DIA CENTER FOR THE ARTS
PLACEText: Rei Inamoto
Whenever I visit the Dia Center for the Arts in Chelsea, I’m consistently impressed by its ability to showcase quality work in such a concentrated manner. It currently exhibits works by such giants as Bruce Nauman, Roni Horn, and Dan Flavin. Also, what differentiates the Dia Center from the rest of museums in New York City is its open-mindedness and devotion towards installation art.
Jorge Pardo and Gilberto Zorio, Reverb, Installation view
What takes the central stage of the building this time is an installation piece by Jorge Pardo and Gilberto Zorio called “Reverb.” Essentially, it is two separate pieces contributed by two different artists. Conceived by Pardo, the whole space is colorful with a tiled floor in a vibrant palette of limes, lemons, and other citrus hues, plus the orange drapes from the ceiling that cut across the space. Within the space, there are microphones intermittently placed to which visitors can broadcast their thoughts. It is a sound installation realized by Zorio originally in 1969 and then called “Microfoni.” The sounds picked up by these microphones are manipulated so that whatever was amplified is repeated after a delay of several seconds.
Roni Horn, Clowd and Cloun, Installation view
On the second floor galleries of the museum, photographic and sculptural pieces by Roni Horn are exhibited. All of the pieces bear the theme of juxtaposition, difference, and identity in one way or another. What’s most visually striking is “Clowd and Cloun” (as opposed to “Cloud and Clown”), in which photographs of clouds are juxtaposed alternately with those of a clown. In this piece, the artist calls into question not only the subject matter, but also the manner in which the work is displayed.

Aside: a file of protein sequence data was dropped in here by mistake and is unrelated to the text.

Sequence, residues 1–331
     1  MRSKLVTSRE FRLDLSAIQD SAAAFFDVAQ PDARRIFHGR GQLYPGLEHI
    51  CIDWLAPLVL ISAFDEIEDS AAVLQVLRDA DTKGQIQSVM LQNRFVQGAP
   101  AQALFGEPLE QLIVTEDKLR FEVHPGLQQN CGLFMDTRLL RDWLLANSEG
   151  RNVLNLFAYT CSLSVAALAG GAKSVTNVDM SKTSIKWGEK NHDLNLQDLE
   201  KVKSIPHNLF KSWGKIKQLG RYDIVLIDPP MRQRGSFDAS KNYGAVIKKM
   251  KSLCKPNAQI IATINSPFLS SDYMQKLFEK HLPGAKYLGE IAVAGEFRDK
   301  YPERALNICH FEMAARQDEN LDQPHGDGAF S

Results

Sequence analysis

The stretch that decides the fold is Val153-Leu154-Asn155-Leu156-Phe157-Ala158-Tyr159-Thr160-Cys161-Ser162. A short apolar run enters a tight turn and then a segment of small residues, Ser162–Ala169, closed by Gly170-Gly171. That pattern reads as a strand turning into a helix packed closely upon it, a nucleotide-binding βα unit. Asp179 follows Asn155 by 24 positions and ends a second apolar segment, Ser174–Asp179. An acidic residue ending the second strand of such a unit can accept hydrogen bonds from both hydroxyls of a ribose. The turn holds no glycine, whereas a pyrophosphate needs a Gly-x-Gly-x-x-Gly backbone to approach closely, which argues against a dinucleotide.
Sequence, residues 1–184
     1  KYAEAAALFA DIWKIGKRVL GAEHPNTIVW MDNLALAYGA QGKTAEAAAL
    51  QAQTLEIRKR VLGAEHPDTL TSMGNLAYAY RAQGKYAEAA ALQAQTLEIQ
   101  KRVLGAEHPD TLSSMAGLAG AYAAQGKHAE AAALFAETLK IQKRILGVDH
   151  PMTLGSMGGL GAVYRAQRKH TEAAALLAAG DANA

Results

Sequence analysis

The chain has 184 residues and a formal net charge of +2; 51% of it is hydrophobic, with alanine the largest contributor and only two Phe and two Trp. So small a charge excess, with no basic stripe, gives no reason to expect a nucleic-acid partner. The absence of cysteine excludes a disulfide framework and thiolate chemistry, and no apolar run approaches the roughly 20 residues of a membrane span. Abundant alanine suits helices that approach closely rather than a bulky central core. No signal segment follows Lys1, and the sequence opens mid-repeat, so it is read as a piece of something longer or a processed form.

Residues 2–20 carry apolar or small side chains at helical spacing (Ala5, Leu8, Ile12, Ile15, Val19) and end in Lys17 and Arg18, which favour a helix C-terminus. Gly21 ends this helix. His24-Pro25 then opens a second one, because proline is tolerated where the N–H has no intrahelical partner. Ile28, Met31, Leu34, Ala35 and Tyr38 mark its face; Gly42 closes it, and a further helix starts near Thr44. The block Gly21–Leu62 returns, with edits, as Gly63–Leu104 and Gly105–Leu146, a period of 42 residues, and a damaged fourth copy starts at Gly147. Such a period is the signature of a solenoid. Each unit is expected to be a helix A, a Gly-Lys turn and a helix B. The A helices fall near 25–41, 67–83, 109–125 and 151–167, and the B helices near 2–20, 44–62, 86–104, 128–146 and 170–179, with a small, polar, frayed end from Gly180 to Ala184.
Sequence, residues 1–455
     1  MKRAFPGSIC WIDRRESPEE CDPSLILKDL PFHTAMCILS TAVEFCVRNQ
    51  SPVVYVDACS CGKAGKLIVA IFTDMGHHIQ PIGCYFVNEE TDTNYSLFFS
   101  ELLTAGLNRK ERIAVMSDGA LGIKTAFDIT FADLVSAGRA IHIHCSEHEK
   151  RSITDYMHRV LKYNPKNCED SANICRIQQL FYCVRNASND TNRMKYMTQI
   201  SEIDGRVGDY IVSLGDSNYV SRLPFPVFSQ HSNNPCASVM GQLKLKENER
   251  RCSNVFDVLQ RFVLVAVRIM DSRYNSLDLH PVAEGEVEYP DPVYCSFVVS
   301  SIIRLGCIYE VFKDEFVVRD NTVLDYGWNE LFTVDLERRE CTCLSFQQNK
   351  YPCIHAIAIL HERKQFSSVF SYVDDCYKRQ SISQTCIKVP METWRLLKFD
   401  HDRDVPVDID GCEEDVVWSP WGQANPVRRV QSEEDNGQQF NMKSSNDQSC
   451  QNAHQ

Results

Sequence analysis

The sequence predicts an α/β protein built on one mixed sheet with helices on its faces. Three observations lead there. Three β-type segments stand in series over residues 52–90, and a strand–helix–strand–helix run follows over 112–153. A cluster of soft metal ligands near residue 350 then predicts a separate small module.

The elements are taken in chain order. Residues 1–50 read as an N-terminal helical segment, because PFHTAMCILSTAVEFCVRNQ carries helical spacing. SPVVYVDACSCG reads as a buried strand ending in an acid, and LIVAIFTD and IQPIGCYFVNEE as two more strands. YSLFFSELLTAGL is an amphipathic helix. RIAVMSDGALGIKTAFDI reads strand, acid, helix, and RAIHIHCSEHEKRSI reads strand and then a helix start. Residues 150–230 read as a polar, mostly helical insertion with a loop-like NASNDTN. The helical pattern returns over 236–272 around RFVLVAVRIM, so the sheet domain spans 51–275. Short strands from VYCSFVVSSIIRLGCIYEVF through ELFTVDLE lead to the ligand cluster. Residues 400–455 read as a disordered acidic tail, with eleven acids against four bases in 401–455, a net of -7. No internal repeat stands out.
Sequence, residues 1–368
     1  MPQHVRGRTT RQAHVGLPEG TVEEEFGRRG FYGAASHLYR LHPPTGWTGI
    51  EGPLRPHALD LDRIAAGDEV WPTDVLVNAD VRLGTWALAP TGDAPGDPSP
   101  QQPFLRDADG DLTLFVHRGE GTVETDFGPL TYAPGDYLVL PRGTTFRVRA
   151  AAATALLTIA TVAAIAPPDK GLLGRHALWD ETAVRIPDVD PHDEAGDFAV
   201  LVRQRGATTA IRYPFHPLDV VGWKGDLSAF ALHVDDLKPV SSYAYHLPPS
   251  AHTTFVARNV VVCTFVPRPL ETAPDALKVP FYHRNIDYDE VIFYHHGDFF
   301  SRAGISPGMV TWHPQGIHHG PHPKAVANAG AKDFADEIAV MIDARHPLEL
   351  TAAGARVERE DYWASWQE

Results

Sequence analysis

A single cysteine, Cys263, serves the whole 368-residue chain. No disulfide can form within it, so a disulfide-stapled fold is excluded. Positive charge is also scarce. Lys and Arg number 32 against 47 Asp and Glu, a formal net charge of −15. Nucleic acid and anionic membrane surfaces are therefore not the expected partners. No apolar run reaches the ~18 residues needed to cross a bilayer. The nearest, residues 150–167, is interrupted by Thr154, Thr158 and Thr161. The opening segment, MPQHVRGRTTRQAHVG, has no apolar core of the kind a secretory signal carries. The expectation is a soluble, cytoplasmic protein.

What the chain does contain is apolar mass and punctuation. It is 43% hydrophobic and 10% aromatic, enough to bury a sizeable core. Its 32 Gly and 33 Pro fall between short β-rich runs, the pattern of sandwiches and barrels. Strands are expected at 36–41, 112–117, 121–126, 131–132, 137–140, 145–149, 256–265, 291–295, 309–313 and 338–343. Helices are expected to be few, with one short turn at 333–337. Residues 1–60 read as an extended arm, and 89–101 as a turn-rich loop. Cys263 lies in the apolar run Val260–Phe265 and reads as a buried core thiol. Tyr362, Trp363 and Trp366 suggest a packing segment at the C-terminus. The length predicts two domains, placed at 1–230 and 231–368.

Bruce Nauman, Mapping the Studio, Installation view
In another gallery is a video work by Bruce Nauman, probably the most celebrated American artist alive today. For this piece, Nauman set up night-vision surveillance cameras in his studio space and recorded happenings over night. Calling it “Mapping the Studio,” the piece consists of seven video projections onto the walls of the gallery. In the projections, viewers can spot few subtle movements in his studio, such as mice crawling around. And that’s pretty much all that happens in this over five-hour video piece. According to Nauman, he watches these videos as a means to meditate.
The mainstream art scene in New York City seems to be under the weather lately: the Biennial at the Whitney Museum of American Art has received such horrid reviews; the Museum of Modern Art will be closed for renovation and will be moved to Queens for a few years. Underdog venues such as the Dia Center will be a small yet strong art spot, only without the tourists. And I hope it remains that way.
Dia Center for the Arts
Open: 12:00 – 18:00 (Closed on Monday and Tuesday)
Address: 548 West 22nd Street, New York, NY 10011
Tel: +1 212 989 5566
Admission: $6 ($3 for students and seniors and free to members and children under ten).
Text: Rei Inamoto
Photos: Rei Inamoto